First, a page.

In the end of this proccess you’ll have an .mpg file on your local disk, generated from an Internet-only YouTube URL.
First make sure you have ffmpeg (video encoding and decoding tools) and lame (MP3 audio encoding and decoding tools) softwares and dependencies installed on your system. You will also require the youtube-dl scripts that downloads the actual YouTube video.
In a Red Hat or Fedora system you can install it from Dag or Livna RPM repositories, with a simple yum command:
bash# yum install ffmpeg lame youtube-dl
Then you get to the YouTube video page you want to download. In this example we’ll use the Heist video, the first Linux ad from IBM, that has http://www.youtube.com/watch?v=DO9ZWDaLLxA as its URL.
I’ll use youtube-dl this way:
bash$ youtube-dl -t http://www.youtube.com/watch?v=DO9ZWDaLLxA
And I saw it connecting to YouTube several times and downloading the video. In the end, I found a big file named the_heist-RRZyz1vXkPE.flv in the current firectory, which is the video file.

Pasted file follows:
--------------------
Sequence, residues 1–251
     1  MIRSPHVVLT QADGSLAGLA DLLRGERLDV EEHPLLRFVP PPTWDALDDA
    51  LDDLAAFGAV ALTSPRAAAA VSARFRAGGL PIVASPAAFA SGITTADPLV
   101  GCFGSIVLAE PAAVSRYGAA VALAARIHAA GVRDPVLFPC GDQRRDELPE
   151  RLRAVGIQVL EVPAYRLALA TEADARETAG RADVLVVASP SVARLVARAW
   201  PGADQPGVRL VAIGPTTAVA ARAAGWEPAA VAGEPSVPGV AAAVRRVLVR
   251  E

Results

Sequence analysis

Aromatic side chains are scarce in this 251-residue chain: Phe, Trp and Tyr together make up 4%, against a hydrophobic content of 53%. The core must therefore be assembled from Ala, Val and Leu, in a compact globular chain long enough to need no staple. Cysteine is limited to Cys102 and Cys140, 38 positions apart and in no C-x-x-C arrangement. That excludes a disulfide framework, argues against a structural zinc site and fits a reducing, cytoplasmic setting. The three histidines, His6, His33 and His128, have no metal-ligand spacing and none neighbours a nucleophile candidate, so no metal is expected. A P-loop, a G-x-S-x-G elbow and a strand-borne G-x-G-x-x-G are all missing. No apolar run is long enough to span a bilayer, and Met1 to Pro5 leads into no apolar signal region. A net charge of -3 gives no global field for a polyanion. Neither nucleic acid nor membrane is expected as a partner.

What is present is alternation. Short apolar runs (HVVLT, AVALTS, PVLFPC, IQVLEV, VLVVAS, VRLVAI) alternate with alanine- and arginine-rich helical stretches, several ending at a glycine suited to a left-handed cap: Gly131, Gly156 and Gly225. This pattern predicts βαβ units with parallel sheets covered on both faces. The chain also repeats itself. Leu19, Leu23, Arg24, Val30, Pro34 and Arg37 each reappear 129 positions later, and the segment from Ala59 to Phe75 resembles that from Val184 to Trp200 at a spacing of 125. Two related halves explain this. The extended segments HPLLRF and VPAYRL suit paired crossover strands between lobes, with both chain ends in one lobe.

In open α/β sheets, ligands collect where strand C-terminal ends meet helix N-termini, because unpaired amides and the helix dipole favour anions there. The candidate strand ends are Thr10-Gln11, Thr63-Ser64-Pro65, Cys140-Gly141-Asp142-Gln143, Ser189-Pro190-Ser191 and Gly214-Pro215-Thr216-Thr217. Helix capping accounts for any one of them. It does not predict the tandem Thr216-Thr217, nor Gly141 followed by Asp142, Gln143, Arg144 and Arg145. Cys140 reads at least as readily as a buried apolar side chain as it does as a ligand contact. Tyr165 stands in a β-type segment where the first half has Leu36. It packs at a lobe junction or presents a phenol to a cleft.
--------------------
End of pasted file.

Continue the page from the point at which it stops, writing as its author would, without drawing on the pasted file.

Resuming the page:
Now lets convert it into MPEG with ffmpeg:
bash$ ffmpeg -i the_heist-RRZyz1vXkPE.flv -acodec copy -sameq heist.mpg
-acodec copy will cause ffmpeg to copy the audio from input to output file, while -sameq causes the output video quality to be the same as the source, but output file will be very big. For YouTube videos, you can use -b 320000 instead of -sameq to get smaller file sizes.
I saw ffmpeg taking some time to convert, and in the end I got the heist.mpg file which I was able to confortablly play in any MPEG aware video player, as mplayer.
If you want to convert the video file into MP4, which is the format supported by iPod Video players, you just change the extension:
bash$ ffmpeg -i the_heist-RRZyz1vXkPE.flv -acodec copy -b 320000 heist.mp4
Ffmpeg will take care to use the maximum screen size available from the source (the .flv file) so the converted file will be as hi-fi as YouTube let be (not too high really).
Enjoy your video.